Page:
Joined: 02 Jul 2005
Posts: 34183
Location: yes
PostPosted: Mon Jul 23, 18 12:31 pm    Post subject: Reply with quote    

it can be a cornerstone of crop rotation which is good for reducing pests and diseases as well as gaining the advantage of nitrogen fixation.

sgt.colon



Joined: 27 Jul 2009
Posts: 6147
Location: Just south of north.
PostPosted: Mon Jul 23, 18 2:13 pm    Post subject: Reply with quote    

If I don't plant anything else once my beans are done, is it still advisable to leave the cut stumps in the ground for a while?

sean
Downsizer Moderator


Joined: 28 Oct 2004
Posts: 41902
Location: North Devon
PostPosted: Mon Jul 23, 18 2:16 pm    Post subject: Reply with quote    

Yep.

sgt.colon



Joined: 27 Jul 2009
Posts: 6147
Location: Just south of north.
PostPosted: Mon Jul 23, 18 3:46 pm    Post subject: Reply with quote    

Thank you.

dpack



Joined: 02 Jul 2005
Posts: 34183
Location: yes
PostPosted: Mon Jul 23, 18 4:28 pm    Post subject: Reply with quote    

get some winter greens germinated ready and replanting is a doddle
next spring that patch then becomes the corn bed . next yrs beans go in the ex corn bed etc etc etc .

salads are best between stuff that gets big later after the salad is eaten.

even prepping new beds can be made easy with such tricks as the straw/pumpkin gambit for compacted , organic fibre depleted soil or the catering pack kilo of coriander seed from mr gohar ( other emporiams are available ) which will make some nice trading herbs and a weed suppressing green mulch in a few weeks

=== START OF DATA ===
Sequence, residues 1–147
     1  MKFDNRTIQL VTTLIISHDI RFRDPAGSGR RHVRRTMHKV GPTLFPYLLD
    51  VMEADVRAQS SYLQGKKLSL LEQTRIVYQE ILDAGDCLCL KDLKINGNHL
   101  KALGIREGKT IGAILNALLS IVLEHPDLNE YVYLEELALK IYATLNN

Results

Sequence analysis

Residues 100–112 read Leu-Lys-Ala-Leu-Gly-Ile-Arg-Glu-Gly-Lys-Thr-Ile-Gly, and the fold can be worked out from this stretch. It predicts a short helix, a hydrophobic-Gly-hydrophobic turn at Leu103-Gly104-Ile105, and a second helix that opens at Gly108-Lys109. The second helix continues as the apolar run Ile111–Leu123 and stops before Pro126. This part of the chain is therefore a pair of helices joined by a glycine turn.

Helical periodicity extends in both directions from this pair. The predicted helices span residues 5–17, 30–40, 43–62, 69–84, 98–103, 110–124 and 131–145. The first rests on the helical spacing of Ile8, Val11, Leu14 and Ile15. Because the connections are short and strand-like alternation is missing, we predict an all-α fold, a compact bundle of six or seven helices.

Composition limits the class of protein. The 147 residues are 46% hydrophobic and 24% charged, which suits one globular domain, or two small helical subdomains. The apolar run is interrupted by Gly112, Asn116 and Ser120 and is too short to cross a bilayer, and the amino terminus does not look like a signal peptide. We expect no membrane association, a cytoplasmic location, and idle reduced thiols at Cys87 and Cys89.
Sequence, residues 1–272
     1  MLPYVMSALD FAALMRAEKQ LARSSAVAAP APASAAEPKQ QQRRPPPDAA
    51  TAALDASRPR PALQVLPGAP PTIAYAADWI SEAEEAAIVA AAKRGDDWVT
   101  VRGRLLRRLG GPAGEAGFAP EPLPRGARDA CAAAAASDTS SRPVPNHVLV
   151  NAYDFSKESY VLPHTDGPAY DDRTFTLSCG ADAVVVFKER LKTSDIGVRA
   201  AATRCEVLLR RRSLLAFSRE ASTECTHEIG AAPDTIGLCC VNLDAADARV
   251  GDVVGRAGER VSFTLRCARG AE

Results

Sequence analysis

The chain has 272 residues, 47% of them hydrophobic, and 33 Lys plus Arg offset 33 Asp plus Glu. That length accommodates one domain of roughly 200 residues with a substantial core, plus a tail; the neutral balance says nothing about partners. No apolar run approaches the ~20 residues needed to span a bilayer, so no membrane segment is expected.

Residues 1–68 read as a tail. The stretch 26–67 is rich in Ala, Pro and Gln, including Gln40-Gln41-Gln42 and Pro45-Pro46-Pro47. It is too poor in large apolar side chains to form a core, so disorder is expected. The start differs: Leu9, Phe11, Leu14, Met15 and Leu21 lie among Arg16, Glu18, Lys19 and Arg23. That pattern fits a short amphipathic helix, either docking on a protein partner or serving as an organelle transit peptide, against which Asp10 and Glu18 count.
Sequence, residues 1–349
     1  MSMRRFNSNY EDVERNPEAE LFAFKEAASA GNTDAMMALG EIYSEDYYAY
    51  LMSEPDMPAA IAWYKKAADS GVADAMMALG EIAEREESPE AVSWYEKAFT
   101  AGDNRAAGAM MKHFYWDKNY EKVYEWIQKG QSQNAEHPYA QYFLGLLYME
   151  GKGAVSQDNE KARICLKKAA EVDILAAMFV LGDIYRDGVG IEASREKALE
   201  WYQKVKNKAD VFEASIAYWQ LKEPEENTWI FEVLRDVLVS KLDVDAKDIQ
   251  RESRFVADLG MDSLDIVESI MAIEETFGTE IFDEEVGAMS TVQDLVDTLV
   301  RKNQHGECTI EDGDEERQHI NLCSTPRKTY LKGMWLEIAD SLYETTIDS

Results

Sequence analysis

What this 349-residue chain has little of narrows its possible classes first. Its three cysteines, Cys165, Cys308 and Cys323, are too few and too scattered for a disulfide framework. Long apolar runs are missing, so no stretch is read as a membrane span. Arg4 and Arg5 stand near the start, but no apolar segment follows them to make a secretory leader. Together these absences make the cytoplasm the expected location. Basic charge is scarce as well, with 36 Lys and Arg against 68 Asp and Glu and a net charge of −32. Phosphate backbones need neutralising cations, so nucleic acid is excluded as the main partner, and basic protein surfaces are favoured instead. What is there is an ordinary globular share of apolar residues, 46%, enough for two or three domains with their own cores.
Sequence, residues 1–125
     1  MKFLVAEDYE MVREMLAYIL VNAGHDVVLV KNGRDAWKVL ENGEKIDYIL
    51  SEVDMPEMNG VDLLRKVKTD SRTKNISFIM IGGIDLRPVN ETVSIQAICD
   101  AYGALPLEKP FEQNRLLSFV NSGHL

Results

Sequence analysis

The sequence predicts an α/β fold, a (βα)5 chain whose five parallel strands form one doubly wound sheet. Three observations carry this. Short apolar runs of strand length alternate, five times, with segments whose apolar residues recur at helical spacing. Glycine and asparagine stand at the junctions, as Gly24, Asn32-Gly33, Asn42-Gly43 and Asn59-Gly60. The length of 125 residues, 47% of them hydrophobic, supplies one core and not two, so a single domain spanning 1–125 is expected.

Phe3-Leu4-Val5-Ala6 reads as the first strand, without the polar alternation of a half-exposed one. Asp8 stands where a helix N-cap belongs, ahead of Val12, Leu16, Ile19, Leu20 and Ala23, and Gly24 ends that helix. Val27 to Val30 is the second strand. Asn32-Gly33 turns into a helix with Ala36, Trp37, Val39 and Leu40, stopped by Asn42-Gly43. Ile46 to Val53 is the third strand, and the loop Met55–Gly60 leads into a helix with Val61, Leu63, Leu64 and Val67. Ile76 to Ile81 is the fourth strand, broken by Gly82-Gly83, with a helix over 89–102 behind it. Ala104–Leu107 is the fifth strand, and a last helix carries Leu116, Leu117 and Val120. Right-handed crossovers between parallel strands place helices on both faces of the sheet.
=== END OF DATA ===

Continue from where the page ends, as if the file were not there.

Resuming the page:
this option can be used now if you can water a few times to get things going.

no dig, broadcast and rake in then water.it interdicts weeds topside and most of the seed will take.

there are a couple of beds in the snaps where that might be a good start.

a good effort /return ratio is best

have you decided where the compost heaps go?
if so the "run off" side is where to locate rhubarb and asparagus. do it this winter and in a couple of years the benefits will be obvious.

thinking of compost , water it ( personal is good ) as damp is a vital part of the job .

sgt.colon



Joined: 27 Jul 2009
Posts: 6147
Location: Just south of north.
PostPosted: Tue Jul 24, 18 8:55 am    Post subject: Reply with quote    

Thanks for all that DPack. There is soooo much I still have to learn.

You don't fancy moving over this way do you?

Mistress Rose



Joined: 21 Jul 2011
Posts: 9959

PostPosted: Wed Jul 25, 18 6:59 am    Post subject: Reply with quote    

The only problem with no dig is if you have any persistent weeds. Things like ground elder, couch grass and bramble love no dig.

sgt.colon



Joined: 27 Jul 2009
Posts: 6147
Location: Just south of north.
PostPosted: Wed Jul 25, 18 9:19 am    Post subject: Reply with quote    

Well I'm digging plenty at the moment MR. I'm slowly going through trying to remove as much Horsetail root as possible. There's loads of the bloody stuff.

A guy did tell me to buy something called Kurtail Gold but I don't want to use chemicals on my little plot.

Mistress Rose



Joined: 21 Jul 2011
Posts: 9959

PostPosted: Thu Jul 26, 18 5:54 am    Post subject: Reply with quote    

We don't use chemicals more than we have to, but with things like horsetail I am afraid it might be the only way. See how you get on over a few years without it, then if all else fails... Not a week I have had thank goodness, but I think it is one of those that is very persistent.